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Posted 10.24.06


'Differences' Do Not Influence Trust, Study Finds

COLUMBIA, MO - People often report mistrusting others who are different from them, but a study by researchers at the University of Missouri-Columbia and the College of William and Mary has found that people's actions don't necessarily reflect this mistrust. The findings of the study, which examined participants' economic behavior, are contrary to findings of survey-based studies that have shown diversity hinders trust and cooperation.

Jeff Milyo, Lisa Anderson.."In most surveys, people have reported distrusting those who are different," said Jeffrey Milyo, associate professor in MU's Department of Economics in the College of Arts and Science and in MU's Truman School of Public Affairs. "We wanted to find out if that was just talk, or if it impacted how people act. What we found was that differences did not significantly impact actions. Whatever people might say about trusting or not trusting others, their actions didn't reveal a difference. In our experiment, we found that the general existence of difference between two people did not impact how they acted toward each other."

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Experimental Economics

Milyo and two researchers from the College of William and Mary, Lisa R. Anderson and Jennifer M. Mellor, examined the behavior of participants who were different from each other. To induce difference, the researchers paid each person a different amount of money for participating in the study. In the control group, all participants received the same amount of money (hence, they were "similar"), but in the experimental groups, participants received varying amounts from $4 to $20 (hence, they were "different"). In one scenario, participants were paid privately, while in another, they were paid publicly.

Milyo, Anderson and Mellor asked study participants to play a well-established economics trust game in which each participant was paired with a partner and given $10. The participant could give some, all or none of the $10 to his or her partner, who would receive triple the amount given. For example, if the first person gave $5, the partner would receive $15. After receiving the money, the second person could choose whether to give some, all or none of the money back to the first person.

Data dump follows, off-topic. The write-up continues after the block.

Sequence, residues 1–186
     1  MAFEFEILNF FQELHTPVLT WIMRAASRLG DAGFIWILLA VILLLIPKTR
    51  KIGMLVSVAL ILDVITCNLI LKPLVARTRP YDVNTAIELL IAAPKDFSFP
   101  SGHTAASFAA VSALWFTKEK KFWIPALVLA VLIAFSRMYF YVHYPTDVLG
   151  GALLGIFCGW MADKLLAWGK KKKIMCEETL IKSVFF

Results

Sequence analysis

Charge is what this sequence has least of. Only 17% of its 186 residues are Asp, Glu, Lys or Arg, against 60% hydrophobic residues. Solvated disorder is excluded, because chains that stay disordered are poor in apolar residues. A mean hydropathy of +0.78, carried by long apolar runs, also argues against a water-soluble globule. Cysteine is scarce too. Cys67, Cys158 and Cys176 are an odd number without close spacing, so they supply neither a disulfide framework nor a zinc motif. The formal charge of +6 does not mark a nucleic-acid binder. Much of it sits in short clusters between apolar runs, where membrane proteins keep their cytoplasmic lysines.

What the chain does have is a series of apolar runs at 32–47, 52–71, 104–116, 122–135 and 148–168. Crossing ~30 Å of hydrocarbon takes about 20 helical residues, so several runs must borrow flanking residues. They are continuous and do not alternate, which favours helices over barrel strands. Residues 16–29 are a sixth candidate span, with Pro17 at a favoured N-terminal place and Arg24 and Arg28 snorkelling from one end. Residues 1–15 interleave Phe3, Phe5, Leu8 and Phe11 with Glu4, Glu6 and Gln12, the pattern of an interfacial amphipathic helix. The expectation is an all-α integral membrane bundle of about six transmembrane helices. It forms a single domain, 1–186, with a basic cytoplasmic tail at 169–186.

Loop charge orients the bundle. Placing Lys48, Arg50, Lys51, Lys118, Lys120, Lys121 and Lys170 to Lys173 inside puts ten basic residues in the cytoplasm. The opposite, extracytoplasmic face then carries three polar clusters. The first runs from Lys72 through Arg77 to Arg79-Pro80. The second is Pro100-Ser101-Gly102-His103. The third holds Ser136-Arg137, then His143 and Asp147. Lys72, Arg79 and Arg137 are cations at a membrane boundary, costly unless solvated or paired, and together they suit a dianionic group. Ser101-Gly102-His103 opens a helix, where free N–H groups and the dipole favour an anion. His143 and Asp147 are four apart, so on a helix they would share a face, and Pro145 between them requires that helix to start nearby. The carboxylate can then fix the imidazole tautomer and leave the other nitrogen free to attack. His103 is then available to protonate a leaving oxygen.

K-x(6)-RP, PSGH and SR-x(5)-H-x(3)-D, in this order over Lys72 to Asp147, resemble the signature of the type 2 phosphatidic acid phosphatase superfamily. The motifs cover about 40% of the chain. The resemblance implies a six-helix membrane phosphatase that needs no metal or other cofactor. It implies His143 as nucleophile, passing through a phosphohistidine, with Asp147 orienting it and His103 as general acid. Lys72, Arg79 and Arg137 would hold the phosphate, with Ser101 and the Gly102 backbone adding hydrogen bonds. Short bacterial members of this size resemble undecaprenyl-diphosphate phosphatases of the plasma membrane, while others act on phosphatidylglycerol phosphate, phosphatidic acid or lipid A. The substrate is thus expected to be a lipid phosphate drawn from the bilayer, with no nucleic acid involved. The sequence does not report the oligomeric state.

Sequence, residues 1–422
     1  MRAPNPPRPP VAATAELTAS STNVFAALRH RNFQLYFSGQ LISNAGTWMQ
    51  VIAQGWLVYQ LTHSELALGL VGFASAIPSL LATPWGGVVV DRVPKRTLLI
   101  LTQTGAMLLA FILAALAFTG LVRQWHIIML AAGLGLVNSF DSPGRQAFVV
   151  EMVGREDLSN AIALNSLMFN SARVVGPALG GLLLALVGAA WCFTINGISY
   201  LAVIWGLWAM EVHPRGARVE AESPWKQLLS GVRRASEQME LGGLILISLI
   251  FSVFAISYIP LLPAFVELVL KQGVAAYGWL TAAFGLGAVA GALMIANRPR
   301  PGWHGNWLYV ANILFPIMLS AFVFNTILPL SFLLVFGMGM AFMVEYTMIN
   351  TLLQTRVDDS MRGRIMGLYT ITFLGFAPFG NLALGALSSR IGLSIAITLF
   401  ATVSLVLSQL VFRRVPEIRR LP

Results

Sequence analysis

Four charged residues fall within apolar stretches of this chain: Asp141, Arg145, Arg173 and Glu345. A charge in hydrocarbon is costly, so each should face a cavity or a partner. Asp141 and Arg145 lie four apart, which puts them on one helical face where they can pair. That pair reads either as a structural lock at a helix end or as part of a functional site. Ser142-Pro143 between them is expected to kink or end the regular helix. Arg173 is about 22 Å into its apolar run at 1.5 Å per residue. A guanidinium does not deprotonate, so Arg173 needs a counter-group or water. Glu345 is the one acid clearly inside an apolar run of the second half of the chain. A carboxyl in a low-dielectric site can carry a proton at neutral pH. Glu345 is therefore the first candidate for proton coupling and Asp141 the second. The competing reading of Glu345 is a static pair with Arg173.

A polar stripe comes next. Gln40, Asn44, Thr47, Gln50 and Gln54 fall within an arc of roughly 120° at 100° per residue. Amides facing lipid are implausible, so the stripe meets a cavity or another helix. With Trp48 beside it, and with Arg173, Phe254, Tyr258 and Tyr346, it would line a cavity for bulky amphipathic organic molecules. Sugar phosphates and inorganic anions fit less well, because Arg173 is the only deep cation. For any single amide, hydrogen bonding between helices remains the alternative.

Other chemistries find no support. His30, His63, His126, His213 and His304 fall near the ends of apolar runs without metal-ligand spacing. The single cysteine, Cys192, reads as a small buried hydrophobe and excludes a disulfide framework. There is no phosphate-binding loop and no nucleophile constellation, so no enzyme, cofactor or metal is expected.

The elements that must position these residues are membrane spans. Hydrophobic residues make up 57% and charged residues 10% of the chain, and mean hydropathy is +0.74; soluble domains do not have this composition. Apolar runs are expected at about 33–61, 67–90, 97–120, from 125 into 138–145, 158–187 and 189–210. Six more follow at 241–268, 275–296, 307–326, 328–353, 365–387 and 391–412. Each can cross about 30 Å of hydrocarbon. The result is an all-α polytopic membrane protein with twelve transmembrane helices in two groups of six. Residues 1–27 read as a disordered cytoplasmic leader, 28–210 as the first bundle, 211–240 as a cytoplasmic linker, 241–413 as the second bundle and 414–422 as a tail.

When two "similar" players played the game, the first player typically gave the second player about half of the money ($4.99 when payment was private, $5.41 when payment was public), exhibiting trust that the other person would give some back. When players who were "different" played the game, the first player also gave about half of the money to his or her partner ($4.04 or $4.19 for private payments and $5.27 or $5.92 for public payments).

"Our study induced a general difference between people - in this case, it was the amount of money paid to study participants - and we found that the difference didn't make people act more or less trusting of each other," said Milyo, who is also the Hanna Family Scholar in the Center for Applied Economics at the University of Kansas and a senior fellow at the Cato Institute in Washington, D.C. "It's difficult to say whether this same principle applies to things like race, religion, or even income, but it does show that the general existence of difference does not make people act mistrustful of each other."

The study's findings also showed that participants acted differently when their monetary awards were received publicly than when they were received privately. When money was given privately, those with the highest awards ($20) gave an average amount of only $3.80 to their partners, but when money was given publicly, they gave an average of $7.14 to their partners.

"Our study showed that whether inequality in payments mattered or not depended on how much information people had about the inequality or where the individuals were in the distribution of payments," Mellor said. "The subjects who were made less trusting by the inequality were those who received the extreme payments - the highest or the lowest. The persons who were paid the average amount were not affected by the inequality. In addition, when participants knew who in the group made the most, the highest paid people acted very differently - by giving more to their partners, as if by guilt. This suggests that differences in the effects of inequality depend on economic factors, but perhaps on psychological factors as well."

The study was published in the September issue of the journal Experimental Economics.



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